The 3 Sayings from Business Books I Would Get Tattooed as Daily Reminders
Advice I love from Ryan Holiday, Ben Horowitz, and James Clear.
One of the first serious entrepreneurial ideas I had was the Fading Ink Company. A friend and I, both 23 and unemployed, believed a lot more people would get tattoos if they vanished over say, five years, rather than being a lifelong commitment. We got excited about it, did some Google searches to validate that this didn’t exist, told other close friends and family about our billion-dollar idea, and…then our enthusiasm faded quicker than our theoretical ink. I’m not sure exactly what it was: the fact that we had no capital, knew nothing about skin, had no background in chemistry, had no tattoos ourselves, or zero experience starting companies — but one or all of those reasons killed our unicorn. We dropped the idea and got jobs instead.
But this week I found myself wondering: “If the Fading Ink Company did exist, what business sayings would I get inked as constant reminders?”
Here are my top three.
#1: There’s always a play
This one comes from Ben Horowitz’s The Hard Thing About Hard Things, the best book for entrepreneurs I’ve ever read. “There’s always a play” means you’re never cornered. You’re never out of moves. Even when your back is against the wall, and you feel like you have no options — a sensation entrepreneurs often feel — you do have options. You may not have good options, but you have options, and your job is to pick the best one and do something.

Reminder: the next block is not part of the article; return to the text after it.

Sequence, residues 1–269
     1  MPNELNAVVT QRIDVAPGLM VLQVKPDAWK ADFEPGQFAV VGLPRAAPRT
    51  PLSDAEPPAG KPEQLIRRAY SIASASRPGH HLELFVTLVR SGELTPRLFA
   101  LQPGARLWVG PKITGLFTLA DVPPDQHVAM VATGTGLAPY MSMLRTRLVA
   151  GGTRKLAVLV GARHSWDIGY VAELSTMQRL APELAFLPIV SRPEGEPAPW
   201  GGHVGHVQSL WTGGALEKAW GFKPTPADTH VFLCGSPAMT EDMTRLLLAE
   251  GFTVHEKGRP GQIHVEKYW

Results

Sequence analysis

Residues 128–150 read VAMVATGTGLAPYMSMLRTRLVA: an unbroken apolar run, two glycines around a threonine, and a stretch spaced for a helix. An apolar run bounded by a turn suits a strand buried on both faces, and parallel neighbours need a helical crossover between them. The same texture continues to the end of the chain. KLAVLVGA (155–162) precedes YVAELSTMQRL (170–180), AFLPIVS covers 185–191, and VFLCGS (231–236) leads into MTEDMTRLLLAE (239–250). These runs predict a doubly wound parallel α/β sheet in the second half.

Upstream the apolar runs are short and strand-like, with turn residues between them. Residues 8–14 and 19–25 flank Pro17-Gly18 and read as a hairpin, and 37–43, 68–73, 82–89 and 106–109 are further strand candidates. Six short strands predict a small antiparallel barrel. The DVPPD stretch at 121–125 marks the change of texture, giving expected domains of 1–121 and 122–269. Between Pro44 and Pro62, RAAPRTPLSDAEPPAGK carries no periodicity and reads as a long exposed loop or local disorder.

#2: Ego is the enemy
In success or failure, ego is always the enemy. This book of the same name by Ryan Holiday relates stories from history to drive home the point that it’s not about you. One of my worst habits is that I take things personally — including important constructive criticism — and the core fault in that is making things about myself. That’s ego at work, and I’m working on it. And I need this reminder every day.
#3: You fall to your systems
In Atomic Habits James Clear convinced me that “you don’t rise to the level of your goals, you fall to the level of your systems.” This is now part of my worldview, and it affects how I think about achieving anything. Don’t set a goal — become the type of person who would achieve that goal. Adopt the habits that person would adopt. Everything flows from your systems.
Given that timing is the #1 reason for startup success, a close runner-up would be timing is everything. It wasn’t the right time for me and my friend to start a company in 2006, but I still think the Fading Ink Company is a good idea. Tattoos are 6,000 years old — that’s quite the staying power — and only 1 in 3 Americans between the ages of 18 and 29 have one. A primary objection to getting them is their permanency. That’s why I don’t have one. I have body art commitment issues.
Do you have any tattoos that serve as reminders? If not, would you get any if they’d only last for five years? What was the best business idea you ever had but never started? Reply back and let me know!